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Top 10 Most Controversial Comic Book Moments

VO: Rebecca Brayton
Written by Michael Wynands They may be works of fiction, but when they go to dark or taboo places… the world takes notice. Welcome to Watchmojo.com, and today we’re counting down our picks for the Top 10 Most Controversial Comic Book Moments. For this list, we’re looking at moments from the pages of major comic books that readers never saw coming and couldn’t stop talking about, for better or worse, due to the nature of the subject matter that these moments addressed. Have an idea you want to see made into a WatchMojo video? Check out our suggest page at http://WatchMojo.comsuggest and submit your idea.
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They may be works of fiction, but when they go to dark or taboo places… the world takes notice. Welcome to Watchmojo.com, and today we’re counting down our picks for the Top 10 Most Controversial Comic Book Moments.

For this list, we’re looking at moments from the pages of major comic books that readers never saw coming and couldn’t stop talking about, for better or worse, due to the nature of the subject matter that these moments addressed.

#10: Norman Osborn Fathers Twins With Gwen Stacy

There’s nothing more tragic than the death of a superhero’s long-term love interest. Actually… you know what? Scratch that. There’s nothing more tragic than digging up that character to be used as twisted plot device. Various clones of Gwen had already been seen in the clone saga, but in “Sins Past,” the original Gwen was revealed to have been having an affair with none other than Spider-Man’s archnemesis, Norman Osborn, aka the Green Goblin. As if this memory-tarnishing reveal wasn’t bad enough, we also learned that they had twins. In one moment, writer J. Michael Straczynski undercut Peter Parker’s second most formative moment, the death of his girlfriend, by retroactively making it a lover’s quarrel.

#9: Speedball Turns into Penance

Civil War was controversial in a number of ways,, but the fun-loving happy-go-lucky b-lister known as Speedball was at the very heart of the event that kicked it off. He and his fellow publicity-hungry New Warriors, as part of their reality show, confronted a villain known as Nitro, and the conflict ended with the death of 612 people - 60 of whom are school children. As one of the only survivors, Speedball, who had been an upbeat character since his introduction in Spider-Man in 1988, was transformed into the sadist superhero Penance. Robbie went some seriously dark places out of guilt, so dark that Fabian Nicieza and Dan Slott actually satirized the transformation in the Deadpool/Great Lakes Initiative Summer Special.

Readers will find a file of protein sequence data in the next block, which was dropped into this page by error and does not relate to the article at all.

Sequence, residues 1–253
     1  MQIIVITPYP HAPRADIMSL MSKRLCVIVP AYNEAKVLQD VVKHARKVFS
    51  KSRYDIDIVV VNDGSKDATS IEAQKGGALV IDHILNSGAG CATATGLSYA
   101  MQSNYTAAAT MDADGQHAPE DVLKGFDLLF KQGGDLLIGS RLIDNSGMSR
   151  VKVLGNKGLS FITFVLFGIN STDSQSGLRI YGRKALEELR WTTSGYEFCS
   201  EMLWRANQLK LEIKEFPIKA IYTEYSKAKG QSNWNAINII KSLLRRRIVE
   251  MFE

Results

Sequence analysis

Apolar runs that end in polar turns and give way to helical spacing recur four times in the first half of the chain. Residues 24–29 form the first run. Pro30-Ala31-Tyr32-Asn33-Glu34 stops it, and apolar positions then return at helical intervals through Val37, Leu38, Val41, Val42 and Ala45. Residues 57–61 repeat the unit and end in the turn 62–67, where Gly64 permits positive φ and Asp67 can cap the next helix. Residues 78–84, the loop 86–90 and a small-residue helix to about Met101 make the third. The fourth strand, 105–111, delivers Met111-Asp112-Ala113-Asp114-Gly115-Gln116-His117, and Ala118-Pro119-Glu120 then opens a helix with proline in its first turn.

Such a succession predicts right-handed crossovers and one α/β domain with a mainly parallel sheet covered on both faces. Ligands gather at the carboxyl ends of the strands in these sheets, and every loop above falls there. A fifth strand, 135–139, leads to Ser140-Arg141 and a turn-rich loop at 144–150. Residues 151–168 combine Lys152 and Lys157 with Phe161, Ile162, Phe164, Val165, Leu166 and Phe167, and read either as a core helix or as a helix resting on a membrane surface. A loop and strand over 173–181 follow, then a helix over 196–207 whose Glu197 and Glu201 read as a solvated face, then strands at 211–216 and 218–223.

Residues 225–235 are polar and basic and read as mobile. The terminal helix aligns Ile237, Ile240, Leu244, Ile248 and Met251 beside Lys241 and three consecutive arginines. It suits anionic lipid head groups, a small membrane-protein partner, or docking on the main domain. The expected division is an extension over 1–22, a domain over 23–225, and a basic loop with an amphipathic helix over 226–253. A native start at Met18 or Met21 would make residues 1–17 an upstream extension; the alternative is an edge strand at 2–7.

#8: Speedy’s Heroin Addiction

Speaking of taking light-hearted characters to dark places… how about this little doozy of a cover? An award-winning story arc released in the beginning of the 1970s, when the American heroin epidemic was in full-swing, this tale of addiction showed that not even a member of the Teen Titans like Roy Harper was immune to the temptations of vice. For readers at the time though… it was a pretty tough pill to swallow. Not only was it heavy subject matter, but Green Arrow’s response made it that much heavier - the father figure essentially assaults his drug-dependent ward before throwing him out. Roy would recover, but this moment would continue to define the character moving forward.

#7: One More Day

Poor Spidey… he’s really been through the ringer over the years. It’s tough to keep a character, who is defined by his youth, relevant for decades. After Sins Past and similarly odd and damaging additions to the mythos of Peter Parker, a reset wasn’t necessarily a bad thing… but the way in which the writers went about it, was a controversial one to say the least. Eternal optimist and do-gooder Peter Parker made a LITERAL deal with the devil. His marriage to Mary Jane Watson? Gone! The whole him revealing his identity to the public thing? Forgotten! Somehow… Sins Past survived, because THAT’s what people wanted to keep. Suffice to say, “One More Day” was poorly received.